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There is growing pressure to reform the British Broadcasting Corporation, or BBC, following a report that found a journalist used lies and deceit to secure a famed 1995 television interview with Princess Diana.
The independent report, commissioned by the BBC and carried out by former Supreme Court judge Lord Dyson, concluded that former BBC journalist Martin Bashir used “deceitful methods” to secure the Diana interview for the BBC’s Panorama program. Dyson also said the BBC botched an in-house investigation into the matter, which initially cleared Bashir of wrongdoing. Bashir, a former MSNBC journalist, resigned from the BBC last week on health grounds.
Both Bahir, and former director general Tony Hall, responsible for the international investigation, have admitted failings following Dyson’s report. The BBC has also publicly apologized.
But that might not be enough. Prince William, Diana’s son and the future king, has condemned the interview and the BBC’s actions in securing it, saying the Panorama report “contributed significantly” to the “fear, paranoia and isolation” of his mother in her final years. Prince William added that the Princess Diana interview should never be broadcast again and criticized BBC staff’s “woeful incompetence when investigating complaints.”
In response, to the report and Prince Williams’ comments, British culture secretary Oliver Dowden has said “further governance reforms” may be needed at the BBC. Former BBC chairman Lord Grade agreed. In an interview on BBC Radio 4’s Today show, he called for a distinct editorial board, populated by senior independent journalists to oversee the British public broadcaster.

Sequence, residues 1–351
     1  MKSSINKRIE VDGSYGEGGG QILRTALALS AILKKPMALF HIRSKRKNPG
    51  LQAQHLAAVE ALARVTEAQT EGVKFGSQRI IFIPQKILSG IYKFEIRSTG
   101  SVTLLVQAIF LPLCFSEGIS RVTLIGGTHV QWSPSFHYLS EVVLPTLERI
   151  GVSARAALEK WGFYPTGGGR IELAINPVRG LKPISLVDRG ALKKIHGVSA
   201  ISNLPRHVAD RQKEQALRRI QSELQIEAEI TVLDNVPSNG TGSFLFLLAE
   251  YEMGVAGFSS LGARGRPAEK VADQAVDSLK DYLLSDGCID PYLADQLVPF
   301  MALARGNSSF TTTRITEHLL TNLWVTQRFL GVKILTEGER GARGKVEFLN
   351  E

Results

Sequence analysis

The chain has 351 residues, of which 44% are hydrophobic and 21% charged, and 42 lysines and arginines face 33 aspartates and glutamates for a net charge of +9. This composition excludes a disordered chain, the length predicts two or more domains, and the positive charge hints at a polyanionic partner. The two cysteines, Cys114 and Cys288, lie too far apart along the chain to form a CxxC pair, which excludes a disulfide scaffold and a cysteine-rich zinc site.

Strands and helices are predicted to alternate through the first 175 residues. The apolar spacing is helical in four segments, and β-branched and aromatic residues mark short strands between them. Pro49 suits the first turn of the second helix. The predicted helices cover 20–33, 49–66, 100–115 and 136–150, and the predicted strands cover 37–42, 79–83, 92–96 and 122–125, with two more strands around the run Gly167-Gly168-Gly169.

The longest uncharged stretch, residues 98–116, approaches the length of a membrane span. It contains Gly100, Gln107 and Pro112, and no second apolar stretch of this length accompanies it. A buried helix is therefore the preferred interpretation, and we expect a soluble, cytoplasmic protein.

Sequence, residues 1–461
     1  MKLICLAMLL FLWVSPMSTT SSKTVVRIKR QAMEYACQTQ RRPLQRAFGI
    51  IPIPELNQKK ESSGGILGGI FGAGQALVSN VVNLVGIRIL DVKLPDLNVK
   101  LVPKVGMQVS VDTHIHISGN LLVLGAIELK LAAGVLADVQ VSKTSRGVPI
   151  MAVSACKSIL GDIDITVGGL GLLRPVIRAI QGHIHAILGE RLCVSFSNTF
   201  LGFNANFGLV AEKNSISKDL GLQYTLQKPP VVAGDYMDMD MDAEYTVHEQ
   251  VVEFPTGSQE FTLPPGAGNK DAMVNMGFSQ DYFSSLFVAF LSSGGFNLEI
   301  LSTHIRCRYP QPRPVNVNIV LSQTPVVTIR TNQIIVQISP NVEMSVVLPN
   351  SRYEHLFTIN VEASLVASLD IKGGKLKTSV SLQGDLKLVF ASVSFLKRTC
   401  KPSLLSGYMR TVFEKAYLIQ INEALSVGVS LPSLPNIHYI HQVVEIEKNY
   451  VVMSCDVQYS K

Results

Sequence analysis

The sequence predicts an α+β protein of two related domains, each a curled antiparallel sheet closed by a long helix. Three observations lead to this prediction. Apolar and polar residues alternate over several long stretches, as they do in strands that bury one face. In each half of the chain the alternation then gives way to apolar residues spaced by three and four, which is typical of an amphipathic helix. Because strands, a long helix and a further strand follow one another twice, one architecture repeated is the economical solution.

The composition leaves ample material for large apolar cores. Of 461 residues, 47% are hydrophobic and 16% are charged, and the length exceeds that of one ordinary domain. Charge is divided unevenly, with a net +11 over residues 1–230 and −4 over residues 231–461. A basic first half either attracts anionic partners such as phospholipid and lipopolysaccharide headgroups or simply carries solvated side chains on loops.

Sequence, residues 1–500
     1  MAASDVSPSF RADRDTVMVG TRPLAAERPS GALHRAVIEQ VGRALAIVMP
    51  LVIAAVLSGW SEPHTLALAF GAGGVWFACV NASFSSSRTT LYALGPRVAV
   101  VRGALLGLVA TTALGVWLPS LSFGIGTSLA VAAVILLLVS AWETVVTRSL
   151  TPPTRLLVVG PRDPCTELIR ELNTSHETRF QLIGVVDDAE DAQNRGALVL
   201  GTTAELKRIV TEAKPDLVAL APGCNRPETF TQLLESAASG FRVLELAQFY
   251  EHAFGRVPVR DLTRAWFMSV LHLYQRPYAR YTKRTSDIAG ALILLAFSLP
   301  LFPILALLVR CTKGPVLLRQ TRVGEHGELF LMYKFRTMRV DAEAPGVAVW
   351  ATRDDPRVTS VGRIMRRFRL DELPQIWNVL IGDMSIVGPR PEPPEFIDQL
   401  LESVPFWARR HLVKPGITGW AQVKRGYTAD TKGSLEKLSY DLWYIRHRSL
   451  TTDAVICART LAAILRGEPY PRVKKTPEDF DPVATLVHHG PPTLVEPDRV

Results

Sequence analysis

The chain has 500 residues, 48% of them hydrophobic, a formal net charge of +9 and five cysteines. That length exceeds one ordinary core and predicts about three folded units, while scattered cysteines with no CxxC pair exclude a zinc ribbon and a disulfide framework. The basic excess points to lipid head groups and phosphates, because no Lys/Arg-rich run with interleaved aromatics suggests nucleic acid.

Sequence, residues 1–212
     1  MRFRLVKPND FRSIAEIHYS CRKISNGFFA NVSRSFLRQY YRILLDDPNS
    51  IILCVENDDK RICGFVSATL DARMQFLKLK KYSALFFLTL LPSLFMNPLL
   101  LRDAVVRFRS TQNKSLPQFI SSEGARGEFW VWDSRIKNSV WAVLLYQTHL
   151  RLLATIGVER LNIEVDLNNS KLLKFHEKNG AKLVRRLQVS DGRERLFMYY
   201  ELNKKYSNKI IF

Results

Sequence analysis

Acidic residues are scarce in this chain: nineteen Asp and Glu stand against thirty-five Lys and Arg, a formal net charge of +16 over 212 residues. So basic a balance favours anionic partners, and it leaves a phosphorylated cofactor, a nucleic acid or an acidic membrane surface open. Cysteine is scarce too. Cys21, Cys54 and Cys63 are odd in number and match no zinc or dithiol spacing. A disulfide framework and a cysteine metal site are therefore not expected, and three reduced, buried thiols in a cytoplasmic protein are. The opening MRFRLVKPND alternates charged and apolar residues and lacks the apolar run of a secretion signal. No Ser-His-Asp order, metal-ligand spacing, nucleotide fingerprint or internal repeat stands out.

“The BBC has got a lot of questions to answer on the way its journalism is structured,” he said.
The BBC only recently overhauled its governance structure. Four years ago, the current UK abolishing the BBC Trust, which had overseen the broadcaster, and set up a unitary board, handing more powers to government regulatory and competition authority Ofcom.
BBC director general Tim Davie, who has only been in the job a few months, said Thursday that the BBC today has “significantly better processes and procedures” than those that existed in 1995 when the Diana interview took place. But the network still has to address its first, botched investigation into the matter in 2016, when Tony Hall, director general until just last year, was in charge.
The British press has piled on, with tabloid The Daily Mail describing the publication of Dyson’s report as a “day of shame” for the BBC. The Times also led with the report and Prince William’s reaction to it. The news continued to lead local television and radio reports on Friday.
The BBC could also face legal action as a result of the inquiry. Mark Stephens, a media lawyer at law firm Howard Kennedy, told the i newspaper, the broadcaster would now ” now become the target of multi-million-pound lawsuits from those adversely impacted by Bashir’s deceit” such as Matt Wiessler, the graphic designer tasked with creating false documents for Bashir, and who became the whistle-blower for the whole affair.